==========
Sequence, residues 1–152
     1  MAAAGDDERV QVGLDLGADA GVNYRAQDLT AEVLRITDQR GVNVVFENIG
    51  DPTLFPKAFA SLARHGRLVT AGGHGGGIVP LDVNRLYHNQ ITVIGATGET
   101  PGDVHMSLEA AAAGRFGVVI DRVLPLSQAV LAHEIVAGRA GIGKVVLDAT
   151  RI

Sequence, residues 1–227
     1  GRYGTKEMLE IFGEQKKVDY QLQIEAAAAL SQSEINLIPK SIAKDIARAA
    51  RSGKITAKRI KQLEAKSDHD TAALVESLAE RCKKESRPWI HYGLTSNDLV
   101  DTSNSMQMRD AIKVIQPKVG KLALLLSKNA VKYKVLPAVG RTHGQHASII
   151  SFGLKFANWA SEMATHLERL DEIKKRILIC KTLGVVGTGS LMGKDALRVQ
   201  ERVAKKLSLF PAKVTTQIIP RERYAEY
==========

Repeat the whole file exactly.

Sequence, residues 1–152
     1  MAAAGDDERV QVGLDLGADA GVNYRAQDLT AEVLRITDQR GVNVVFENIG
    51  DPTLFPKAFA SLARHGRLVT AGGHGGGIVP LDVNRLYHNQ ITVIGATGET
   101  PGDVHMSLEA AAAGRFGVVI DRVLPLSQAV LAHEIVAGRA GIGKVVLDAT
   151  RI

Sequence, residues 1–227
     1  GRYGTKEMLE IFGEQKKVDY QLQIEAAAAL SQSEINLIPK SIAKDIARAA
    51  RSGKITAKRI KQLEAKSDHD TAALVESLAE RCKKESRPWI HYGLTSNDLV
   101  DTSNSMQMRD AIKVIQPKVG KLALLLSKNA VKYKVLPAVG RTHGQHASII
   151  SFGLKFANWA SEMATHLERL DEIKKRILIC KTLGVVGTGS LMGKDALRVQ
   201  ERVAKKLSLF PAKVTTQIIP RERYAEY